It doesn't often deny the latter, although some do object against applying the concept of 'Church' on certain groups with unfaithful and sinners among them, but they mostly prefer the spiritual side, because the Protestants think it's the grace that constitutes the Church and not the authority of persons or institutes.

The Protestant principle can't prevent lack of discipline, because it says the Church as a spiritual community is a foundation of God, but denies God approves of the Church as a visible institute. However, the supporters of discipline in the Protestant Church can refer to a tradition that maintained itself during a long time, not only in severe acts of the synods, but also in theology. The disciplinary measures against the Remonstrants form an example.
The authors of the well known Protestant 'Synopsis' define the Church as the 'assembly of persons who join one visible body to preach or hear preaches, administer or receive sacraments, and impose or comply with discipline'.

We see the Reformed in the Netherlands find it difficult to formulate the concept of a visible Church.
Kuyper never went so far as to call churches 'false' if they neglected the correct preaching or administration of sacraments or the discipline. He thought the true and living Church is essentially invisible. Bavinck, who writes a lot against the Catholic concept of Church, says the Church is a mere matter of faith, as if this should be a definite characterisation. Meantime, he speaks about a visible side of the Church, too, without clearly admitting it's visible. Honig says the Church becomes visible whenever people come out with Christ and the truth He revealed or whenever we see a devout way of life.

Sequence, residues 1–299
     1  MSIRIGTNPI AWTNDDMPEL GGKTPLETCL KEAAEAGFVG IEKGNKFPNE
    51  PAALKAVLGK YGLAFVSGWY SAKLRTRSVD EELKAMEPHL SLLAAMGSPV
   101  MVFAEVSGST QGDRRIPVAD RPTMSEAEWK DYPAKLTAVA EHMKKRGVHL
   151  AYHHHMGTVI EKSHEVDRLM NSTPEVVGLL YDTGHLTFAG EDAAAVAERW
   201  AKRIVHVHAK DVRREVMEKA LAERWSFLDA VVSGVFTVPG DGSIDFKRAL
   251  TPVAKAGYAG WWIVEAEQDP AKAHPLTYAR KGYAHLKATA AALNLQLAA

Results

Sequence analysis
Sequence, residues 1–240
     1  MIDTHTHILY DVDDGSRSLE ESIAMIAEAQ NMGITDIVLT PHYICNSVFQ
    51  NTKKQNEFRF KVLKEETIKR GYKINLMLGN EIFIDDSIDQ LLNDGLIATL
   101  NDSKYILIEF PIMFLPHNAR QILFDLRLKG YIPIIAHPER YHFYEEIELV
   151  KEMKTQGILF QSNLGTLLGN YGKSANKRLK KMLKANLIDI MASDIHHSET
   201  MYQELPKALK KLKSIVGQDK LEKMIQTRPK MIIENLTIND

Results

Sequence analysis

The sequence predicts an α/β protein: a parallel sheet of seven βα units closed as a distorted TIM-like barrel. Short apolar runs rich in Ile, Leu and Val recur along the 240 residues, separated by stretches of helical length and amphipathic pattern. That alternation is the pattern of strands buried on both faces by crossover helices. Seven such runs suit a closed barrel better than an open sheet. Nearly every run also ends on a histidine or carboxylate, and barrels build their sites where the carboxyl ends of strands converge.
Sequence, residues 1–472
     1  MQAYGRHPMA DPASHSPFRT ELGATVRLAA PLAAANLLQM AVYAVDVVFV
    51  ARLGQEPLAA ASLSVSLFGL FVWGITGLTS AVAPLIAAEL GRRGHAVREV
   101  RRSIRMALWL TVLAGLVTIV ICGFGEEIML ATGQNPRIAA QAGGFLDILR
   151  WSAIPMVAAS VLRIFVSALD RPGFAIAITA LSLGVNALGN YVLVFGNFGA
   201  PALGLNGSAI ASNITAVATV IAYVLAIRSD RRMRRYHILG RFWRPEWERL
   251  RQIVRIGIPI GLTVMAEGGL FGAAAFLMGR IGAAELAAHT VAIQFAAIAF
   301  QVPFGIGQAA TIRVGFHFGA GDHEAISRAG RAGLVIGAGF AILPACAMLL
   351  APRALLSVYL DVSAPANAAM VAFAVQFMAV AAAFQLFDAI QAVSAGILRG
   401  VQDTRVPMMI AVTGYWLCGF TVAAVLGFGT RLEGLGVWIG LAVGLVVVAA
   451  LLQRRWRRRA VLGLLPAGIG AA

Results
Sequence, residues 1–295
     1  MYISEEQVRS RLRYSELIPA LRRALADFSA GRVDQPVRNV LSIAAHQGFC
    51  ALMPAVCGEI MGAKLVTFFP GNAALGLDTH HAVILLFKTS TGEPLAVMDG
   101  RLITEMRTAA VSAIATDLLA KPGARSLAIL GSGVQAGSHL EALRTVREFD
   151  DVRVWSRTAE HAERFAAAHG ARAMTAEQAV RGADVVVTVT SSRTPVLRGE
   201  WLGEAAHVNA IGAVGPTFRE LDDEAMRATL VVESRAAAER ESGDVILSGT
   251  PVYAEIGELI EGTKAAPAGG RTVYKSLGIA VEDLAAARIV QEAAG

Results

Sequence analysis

The Ethical Protestants think the Scripture doesn't contain prescripts that are forever rules of the Church. They don't think the official documents of confession are very important. Most important is the faith of the community, which isn't documented in formulas or articles. This faith is invisible and belongs to all born again Christians.